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Why IBC success in recovering bad loans is middling

  • The Insolvency and Bankruptcy Code was primarily enacted to help banks recover a higher amount of bad loans than they had earlier
  • Bad loans are largely loans that haven’t been repaid for a period of 90 days or more


The overall bad loans of Indian scheduled commercial banks peaked at 10.36 trillion as of March 2018. In May 2016, the Insolvency and Bankruptcy Code (IBC) was put in place to deal with this problem. Three years later, its success has been middling. Mint takes a look.

What are the total recoveries IBC made?

The Insolvency and Bankruptcy Code was primarily enacted to help banks recover a higher amount of bad loans than they had earlier. Also, the idea was to quicken the process. Bad loans are largely loans that haven’t been repaid for a period of 90 days or more. The question is how well the insolvency legislation has done on this front. Since it started operating and until 30 June, financial creditors (primarily banks whose loans had been defaulted on by corporates) had filed claims worth 2.53 trillion under IBC. The total recovery has been at 1.08 trillion. This means a rate of recovery of 42.8%.

How good is IBC’s rate of recovery?

On the face of it, IBC’s recovery rate of 42.8% sounds quite good. In 2017-18, the rate of recovery from non-IBC methods was around 12.4%. In 2012-2013, the rate of recovery was 22%. It has come down since then. Now a rate of recovery of 42.8% sounds much better than 12.8%. But there is a twist in the tale. The biggest recovery for banks was when Bamnipal Steel, a unit of Tata Steel, bought Bhushan Steel. Bhushan Steel had defaulted on loans worth 56,022 crore. Bamnipal Steel paid 35,571 crore for the company. The rate of recovery was 63.5% of the defaulted loans.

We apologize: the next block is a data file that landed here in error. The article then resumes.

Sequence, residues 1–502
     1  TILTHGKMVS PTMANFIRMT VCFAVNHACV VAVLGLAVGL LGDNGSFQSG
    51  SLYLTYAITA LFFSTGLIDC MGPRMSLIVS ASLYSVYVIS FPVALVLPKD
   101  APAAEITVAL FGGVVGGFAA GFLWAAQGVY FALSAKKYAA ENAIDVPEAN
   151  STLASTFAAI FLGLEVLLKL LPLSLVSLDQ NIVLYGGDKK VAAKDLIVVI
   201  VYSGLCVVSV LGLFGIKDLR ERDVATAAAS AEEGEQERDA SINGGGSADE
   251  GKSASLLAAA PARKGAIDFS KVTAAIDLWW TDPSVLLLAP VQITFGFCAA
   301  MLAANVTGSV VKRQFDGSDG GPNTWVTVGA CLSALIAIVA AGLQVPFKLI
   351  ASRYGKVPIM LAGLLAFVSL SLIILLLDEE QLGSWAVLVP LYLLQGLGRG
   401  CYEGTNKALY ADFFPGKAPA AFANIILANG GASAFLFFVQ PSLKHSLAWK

What is the recovery rate if this deal is ignored?

The rate of recovery falls to around 36.9% from 42.8%, if we ignore Bamnipal Steel taking over Bhushan Steel. The rate of recovery in other cases hasn’t been as high.

How soon are recoveries made?

According to IBC, the entire process needed to be completed in 270 days. As of March, the average time taken in cases that were resolved, typically, with the company that has defaulted on a loan being sold to another company, was 324 days. This was longer than the 270-day deadline, but much less than the 4.3 years it used to take before IBC was implemented. In July, the government extended the deadline for the corporate insolvency resolution process to 330 days.

What about the cases that are not resolved?

Until 30 June, of the 2,162 cases that have been referred to the corporate insolvency resolution process (CIRP), only 120 have seen resolution plans; 1,292 are still under CIRP. Hence, of the 870 cases that are out of CIRP, only 13.8% have seen resolution plans. This is very low. As many as 475 cases have been closed by liquidation. Of these, liquidation has happened in only 11 cases and the recovery is next to nothing.

*Vivek Kaul is an economist and the author of the Easy Money trilogy.

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